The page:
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Executive, legislature synergy: Beyond Budget 2020

By Babajide Omoworare

 

Pursuant to Section 59 of the Constitution of the Federal Republic of Nigeria, President Muhammadu Buhari GCFR assented to the 2020 Appropriation Bill (Budget) of the Federal Republic of Nigeria on Tuesday December 17, 2019. The budget circle will therefore starts to run from the first day of January 2020.

On Thursday December 5, 2019 both the Senate and the House of Representatives had passed the 2020 Appropriation Bill of the Federal Republic of Nigeria in the sum of N10,594,362,364,830.00 (Ten Trillion, Five Hundred and Ninety-Four Billion,

Three Hundred and Sixty-Two Million, Three Hundred and Sixty-Four Thousand Eight Hundred and Thirty Naira), after both Chambers had earlier respectively dissolved into Committee of Supply.

Clean copies were prepared and certified in accordance with Section 2 (1) of the Acts Authentication Act Cap. A2 Laws of the Federation of Nigeria, by the Clerk of the National Assembly, and thereafter transmitted to the President of the Republic.

As we will recollect, the President presented the Budget to the Joint Sitting of the National Assembly on Tuesday October 8, 2019 in furtherance of Section 81 (1) of the Constitution of the Federal Republic of Nigeria.

The early passage of the 2020 budget before the end of the 2019 fiscal year signals the return to a January – December budget circle after about a score of its disruption.

By the provisions of Section 318 of the Constitution, “financial year” means ‘any period of twelve months beginning on the first day of January in any year or such other date as the National Assembly may prescribe’ therefore, there is a presupposition that the fiscal year starts on the first day of January.

Hitherto, budgets are traditionally presented to the National Assembly middle of December when both the public service and the private sector were preparing for Christmas and New Year recess.

The National Assembly would thereafter spend an average of about 4 months to process the Appropriation Bill. The process was usually embroiled with claims and counter claims that Ministers and Heads of Departments and Agencies were not coming as and when scheduled to defend their budgets.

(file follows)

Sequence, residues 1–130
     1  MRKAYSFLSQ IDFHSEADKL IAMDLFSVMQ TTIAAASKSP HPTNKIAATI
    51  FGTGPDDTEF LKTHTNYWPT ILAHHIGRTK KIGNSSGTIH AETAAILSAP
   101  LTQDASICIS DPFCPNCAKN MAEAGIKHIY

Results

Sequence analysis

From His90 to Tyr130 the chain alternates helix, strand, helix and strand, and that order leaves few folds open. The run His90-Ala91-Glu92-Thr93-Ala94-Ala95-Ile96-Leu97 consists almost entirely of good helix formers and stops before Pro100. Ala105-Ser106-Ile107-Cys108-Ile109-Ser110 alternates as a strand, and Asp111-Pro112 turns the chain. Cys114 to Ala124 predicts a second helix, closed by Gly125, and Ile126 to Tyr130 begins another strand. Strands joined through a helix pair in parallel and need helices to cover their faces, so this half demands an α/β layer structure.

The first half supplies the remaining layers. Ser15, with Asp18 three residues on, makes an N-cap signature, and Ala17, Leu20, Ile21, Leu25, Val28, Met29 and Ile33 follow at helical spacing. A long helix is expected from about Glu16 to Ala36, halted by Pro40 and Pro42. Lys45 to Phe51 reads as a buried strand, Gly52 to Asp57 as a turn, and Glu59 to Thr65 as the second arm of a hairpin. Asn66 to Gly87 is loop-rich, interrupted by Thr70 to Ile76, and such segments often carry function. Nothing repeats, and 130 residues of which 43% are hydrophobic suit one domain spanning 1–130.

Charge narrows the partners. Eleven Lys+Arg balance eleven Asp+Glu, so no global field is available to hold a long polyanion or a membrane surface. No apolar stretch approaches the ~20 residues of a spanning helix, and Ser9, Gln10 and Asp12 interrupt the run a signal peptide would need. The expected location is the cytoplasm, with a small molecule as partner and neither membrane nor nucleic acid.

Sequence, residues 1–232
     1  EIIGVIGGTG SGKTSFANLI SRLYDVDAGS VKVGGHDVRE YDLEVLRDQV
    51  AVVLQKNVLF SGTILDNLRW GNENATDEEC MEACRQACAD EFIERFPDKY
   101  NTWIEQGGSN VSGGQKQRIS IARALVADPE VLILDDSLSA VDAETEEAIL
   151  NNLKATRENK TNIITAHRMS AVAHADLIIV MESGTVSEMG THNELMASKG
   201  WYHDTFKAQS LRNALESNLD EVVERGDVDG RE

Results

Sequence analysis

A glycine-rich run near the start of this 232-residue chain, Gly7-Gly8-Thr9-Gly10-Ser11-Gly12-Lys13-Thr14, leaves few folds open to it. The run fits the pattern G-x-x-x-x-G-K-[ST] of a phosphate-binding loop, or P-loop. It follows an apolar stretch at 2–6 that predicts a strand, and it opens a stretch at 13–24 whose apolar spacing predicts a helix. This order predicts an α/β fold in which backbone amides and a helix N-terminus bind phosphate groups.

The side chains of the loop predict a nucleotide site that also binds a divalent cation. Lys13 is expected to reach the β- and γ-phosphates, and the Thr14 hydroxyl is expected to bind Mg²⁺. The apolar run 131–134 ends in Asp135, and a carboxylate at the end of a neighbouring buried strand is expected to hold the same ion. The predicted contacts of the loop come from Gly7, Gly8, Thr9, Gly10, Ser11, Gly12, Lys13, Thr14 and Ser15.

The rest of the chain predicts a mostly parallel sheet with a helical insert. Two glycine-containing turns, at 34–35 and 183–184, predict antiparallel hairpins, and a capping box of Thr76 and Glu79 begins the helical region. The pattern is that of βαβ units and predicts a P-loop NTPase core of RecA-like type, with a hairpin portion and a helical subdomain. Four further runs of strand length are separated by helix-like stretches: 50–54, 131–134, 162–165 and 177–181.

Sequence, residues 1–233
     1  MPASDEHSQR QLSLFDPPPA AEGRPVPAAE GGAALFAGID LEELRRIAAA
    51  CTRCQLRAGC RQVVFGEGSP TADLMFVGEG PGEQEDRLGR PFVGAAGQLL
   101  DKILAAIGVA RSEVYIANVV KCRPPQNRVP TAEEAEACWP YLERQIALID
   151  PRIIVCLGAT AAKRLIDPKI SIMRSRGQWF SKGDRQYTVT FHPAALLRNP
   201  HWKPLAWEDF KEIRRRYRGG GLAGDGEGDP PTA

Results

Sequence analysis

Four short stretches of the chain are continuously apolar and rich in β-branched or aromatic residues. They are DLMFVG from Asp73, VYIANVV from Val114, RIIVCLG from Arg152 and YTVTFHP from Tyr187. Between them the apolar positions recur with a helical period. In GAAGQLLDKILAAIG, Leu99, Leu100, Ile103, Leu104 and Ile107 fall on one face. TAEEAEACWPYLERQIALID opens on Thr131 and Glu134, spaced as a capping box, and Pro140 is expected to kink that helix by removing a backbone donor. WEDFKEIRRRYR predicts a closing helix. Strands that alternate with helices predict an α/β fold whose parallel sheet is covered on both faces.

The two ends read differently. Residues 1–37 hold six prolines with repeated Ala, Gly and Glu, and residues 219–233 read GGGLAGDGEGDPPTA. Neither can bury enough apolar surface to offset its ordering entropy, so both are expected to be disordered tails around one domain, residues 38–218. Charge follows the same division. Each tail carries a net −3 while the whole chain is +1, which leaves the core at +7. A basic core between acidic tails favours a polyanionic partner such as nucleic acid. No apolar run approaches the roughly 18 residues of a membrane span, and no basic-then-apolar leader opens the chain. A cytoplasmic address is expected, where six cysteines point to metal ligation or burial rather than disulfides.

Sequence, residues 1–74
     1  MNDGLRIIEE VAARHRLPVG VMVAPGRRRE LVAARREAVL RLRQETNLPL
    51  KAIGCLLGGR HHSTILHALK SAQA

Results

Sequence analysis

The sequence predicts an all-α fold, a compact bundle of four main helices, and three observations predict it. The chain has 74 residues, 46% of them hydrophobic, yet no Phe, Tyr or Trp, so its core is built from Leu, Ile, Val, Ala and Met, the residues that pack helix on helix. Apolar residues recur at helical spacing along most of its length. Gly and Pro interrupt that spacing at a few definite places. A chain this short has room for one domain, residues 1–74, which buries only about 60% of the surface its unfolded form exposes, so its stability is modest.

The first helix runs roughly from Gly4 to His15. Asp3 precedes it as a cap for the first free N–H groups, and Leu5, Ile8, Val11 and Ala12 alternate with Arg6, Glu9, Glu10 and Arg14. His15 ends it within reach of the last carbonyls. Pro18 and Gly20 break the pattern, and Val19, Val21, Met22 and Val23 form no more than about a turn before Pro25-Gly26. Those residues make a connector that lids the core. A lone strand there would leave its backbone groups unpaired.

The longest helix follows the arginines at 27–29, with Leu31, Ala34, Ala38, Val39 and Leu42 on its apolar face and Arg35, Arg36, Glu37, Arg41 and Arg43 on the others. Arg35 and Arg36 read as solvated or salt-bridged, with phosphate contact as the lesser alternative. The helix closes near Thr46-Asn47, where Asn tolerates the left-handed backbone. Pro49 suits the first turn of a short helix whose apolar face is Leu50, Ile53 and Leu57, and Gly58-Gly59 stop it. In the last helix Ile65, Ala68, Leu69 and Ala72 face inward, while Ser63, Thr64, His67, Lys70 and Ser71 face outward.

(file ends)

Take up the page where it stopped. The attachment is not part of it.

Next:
The budget will thereafter spend an average of a month with the executive arm of government before the Presidential assent is endorsed thereon.

Examples are replete. The 2002 budget was processed for over 4 months in the National Assembly, same goes for the 2008 and 2015 budgets.

The 2011 budget was processed  in the National Assembly for over five months. The 2018 budget was presented to the National Assembly on November 7, 2017, it was sent for presidential assent on May 16, 2018 and it was assented on June 20, 2018. It spent over six months in the National Assembly.

It almost became a ritual that the Senate Leader and of course, the Leader of the House of Representatives would propose a Bill for the elongation of the capital head of the current budget for three months because Section 82 of the Constitution envisages that the President can expend only on recurrent alone, in the event that the budget has not been passed.

The benefits of passing the budget on time cannot be sufficiently enumerated. Predictability of the financial year, inter alia, allows for effective planning for investors right from the beginning of the year to determine in which sector to invest. This was a culture we were accustomed to even under military regimes.

Passing the budget on time is not a case of sacrificing quality on the altar of speed. It is on record that further to the directives of Mr. President, Ministers and Heads of Departments and Agencies defended their budgets as and when time was allocated to them by the National Assembly.

Distinguished Senators and Honourable Members of the National Assembly showed commitment by sitting for very long hours. In some cases,  Joint Committee Sessions were held; thereby reducing/avoiding the need for conferencing/harmonising under Order 87 of the Senate Rules and Order XII Rule 11 of the House of Representatives Rules.

Nigeria has enjoyed two decades of uninterrupted democratic rule. Despite the high turn over of legislators, experience has set in for some Senators and Honourable members that have returned to the same or higher hallowed chambers of parliament.